Children’s or vulnerable people data –Although children and vulnerable people may be recorded on CCTV along with other visitors to the premises, the personal data processed about them is usually limited to their appearance (as captured in security images/footage) or information about their arrival and departure at the premises. These types of personal data are not sensitive and children’s and vulnerable person’s data is not a focus of the security and surveillance systems.

Reasonable Expectations Existing Relationships – Limited to occupiers of the location, their staff and visitors to the location. The controller and data subjects are linked to one-another by the physical premises. 

Collection of data – Individuals are informed of the collection of surveillance data by public information CCTV signs located in and around the premises. Electronic access control and visitor data is obtained by the data controller directly from the individual or their employer. 

Reuse of personal data from third parties – Personal data obtained from building occupiers is limited to information about their employees, visitors and contractors which is necessary for the operation of access control equipment, visitor logging and issue and use of the data controller’s assets. Where applicable, the data subjects are notified by the building occupier that their data will be shared in this way. The data is shared with the data controller solely for this purpose and is not repurposed.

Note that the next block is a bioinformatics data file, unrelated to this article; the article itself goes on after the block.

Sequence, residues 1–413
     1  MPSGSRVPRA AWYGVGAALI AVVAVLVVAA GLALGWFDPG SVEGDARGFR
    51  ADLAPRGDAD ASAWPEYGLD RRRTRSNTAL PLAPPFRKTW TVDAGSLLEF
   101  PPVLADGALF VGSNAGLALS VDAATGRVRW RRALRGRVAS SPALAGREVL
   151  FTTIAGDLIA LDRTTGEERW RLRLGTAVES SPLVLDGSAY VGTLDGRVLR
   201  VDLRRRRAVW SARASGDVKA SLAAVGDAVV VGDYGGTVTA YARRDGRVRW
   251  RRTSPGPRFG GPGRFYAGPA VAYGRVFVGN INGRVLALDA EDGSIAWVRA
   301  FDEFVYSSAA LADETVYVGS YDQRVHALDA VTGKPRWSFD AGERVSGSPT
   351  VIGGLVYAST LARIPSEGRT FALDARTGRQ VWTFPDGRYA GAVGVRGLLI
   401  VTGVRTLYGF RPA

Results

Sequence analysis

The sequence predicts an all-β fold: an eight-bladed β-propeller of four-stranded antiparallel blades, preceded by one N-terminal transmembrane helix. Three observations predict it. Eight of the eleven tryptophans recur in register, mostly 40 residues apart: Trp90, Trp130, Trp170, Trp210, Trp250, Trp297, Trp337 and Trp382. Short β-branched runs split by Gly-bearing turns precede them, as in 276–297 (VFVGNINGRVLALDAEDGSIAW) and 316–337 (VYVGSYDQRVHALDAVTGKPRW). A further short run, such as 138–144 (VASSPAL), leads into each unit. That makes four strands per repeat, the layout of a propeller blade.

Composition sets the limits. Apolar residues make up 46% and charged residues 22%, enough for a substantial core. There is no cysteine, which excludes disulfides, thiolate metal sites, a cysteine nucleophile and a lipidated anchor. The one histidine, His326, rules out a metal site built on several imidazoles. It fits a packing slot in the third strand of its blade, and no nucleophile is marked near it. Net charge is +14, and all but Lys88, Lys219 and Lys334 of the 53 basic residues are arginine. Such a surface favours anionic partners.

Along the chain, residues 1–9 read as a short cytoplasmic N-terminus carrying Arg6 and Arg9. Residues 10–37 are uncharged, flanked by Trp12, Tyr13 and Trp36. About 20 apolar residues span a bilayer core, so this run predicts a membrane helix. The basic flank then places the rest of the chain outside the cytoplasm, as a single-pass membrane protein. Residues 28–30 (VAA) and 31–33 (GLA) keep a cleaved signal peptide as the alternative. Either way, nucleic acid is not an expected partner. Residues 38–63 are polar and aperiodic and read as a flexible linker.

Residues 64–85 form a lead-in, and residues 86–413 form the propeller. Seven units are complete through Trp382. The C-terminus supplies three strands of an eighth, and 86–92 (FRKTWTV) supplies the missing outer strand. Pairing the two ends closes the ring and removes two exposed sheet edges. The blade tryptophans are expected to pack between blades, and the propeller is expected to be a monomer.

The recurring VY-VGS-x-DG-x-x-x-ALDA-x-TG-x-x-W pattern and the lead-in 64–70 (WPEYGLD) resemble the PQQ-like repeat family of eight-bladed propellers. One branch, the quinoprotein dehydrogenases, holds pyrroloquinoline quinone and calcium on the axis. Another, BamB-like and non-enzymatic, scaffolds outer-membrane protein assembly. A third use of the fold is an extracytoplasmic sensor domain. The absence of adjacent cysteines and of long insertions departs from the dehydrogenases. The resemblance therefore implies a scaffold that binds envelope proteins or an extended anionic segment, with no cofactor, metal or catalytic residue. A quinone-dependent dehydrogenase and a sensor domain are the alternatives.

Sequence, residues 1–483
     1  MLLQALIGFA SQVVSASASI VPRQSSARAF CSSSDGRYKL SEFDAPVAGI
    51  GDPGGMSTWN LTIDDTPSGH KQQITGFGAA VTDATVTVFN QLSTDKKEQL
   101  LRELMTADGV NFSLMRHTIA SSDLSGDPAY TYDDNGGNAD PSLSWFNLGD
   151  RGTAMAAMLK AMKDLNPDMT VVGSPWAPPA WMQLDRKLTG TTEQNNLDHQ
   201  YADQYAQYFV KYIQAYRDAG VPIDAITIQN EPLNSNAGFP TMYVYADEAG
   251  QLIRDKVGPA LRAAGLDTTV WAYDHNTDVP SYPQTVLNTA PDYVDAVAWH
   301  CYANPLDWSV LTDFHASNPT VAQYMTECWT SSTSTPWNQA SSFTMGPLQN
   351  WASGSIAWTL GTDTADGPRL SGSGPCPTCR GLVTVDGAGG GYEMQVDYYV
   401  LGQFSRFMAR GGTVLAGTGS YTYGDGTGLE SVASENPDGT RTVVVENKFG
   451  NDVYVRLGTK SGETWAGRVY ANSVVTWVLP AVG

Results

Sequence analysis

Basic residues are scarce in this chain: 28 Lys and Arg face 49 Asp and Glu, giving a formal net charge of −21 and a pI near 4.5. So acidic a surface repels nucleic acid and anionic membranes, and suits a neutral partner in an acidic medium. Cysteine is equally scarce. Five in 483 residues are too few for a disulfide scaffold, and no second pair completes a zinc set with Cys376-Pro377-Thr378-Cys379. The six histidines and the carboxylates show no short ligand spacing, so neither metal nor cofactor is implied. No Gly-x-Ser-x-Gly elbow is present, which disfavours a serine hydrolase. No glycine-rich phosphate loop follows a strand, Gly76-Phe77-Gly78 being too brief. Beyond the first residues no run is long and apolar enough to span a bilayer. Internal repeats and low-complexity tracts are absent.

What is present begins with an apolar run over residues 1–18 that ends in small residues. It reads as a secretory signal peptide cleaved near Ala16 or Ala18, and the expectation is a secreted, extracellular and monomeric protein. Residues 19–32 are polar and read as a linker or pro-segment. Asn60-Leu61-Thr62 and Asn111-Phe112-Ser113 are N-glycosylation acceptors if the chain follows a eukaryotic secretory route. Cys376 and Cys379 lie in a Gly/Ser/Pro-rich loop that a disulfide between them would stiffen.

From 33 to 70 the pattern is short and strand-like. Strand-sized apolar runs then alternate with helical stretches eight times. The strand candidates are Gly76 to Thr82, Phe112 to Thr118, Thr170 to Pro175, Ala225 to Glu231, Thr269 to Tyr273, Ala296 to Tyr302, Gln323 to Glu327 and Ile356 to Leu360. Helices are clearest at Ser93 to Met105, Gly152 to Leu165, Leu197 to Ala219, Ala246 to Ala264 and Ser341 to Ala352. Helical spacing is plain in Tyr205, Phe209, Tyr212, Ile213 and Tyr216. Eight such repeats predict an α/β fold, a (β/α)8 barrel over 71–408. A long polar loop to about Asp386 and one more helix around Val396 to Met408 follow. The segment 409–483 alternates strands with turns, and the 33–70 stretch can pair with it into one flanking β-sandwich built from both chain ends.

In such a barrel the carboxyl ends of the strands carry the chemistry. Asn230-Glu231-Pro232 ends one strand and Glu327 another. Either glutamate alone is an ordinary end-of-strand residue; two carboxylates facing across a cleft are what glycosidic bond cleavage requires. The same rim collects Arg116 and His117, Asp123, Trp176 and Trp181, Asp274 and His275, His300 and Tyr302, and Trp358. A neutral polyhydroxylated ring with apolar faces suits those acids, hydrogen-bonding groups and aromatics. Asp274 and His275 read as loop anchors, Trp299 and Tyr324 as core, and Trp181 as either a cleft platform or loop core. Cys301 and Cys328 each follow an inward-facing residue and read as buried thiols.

Archive retention – The data controller recognises the necessity for the minimisation of data and has adopted the archive retention periods stated elsewhere in this document. These align with industry best practice and would fall within the retention periods reasonably anticipated by the data subjects. 

Changes in technology or context, innovations – Where such changes would materially impact on the data subjects’ expectations, these will be communicated to them. This is likely to be the case only where the system undergoes a significant upgrade or is replaced by more advanced technology.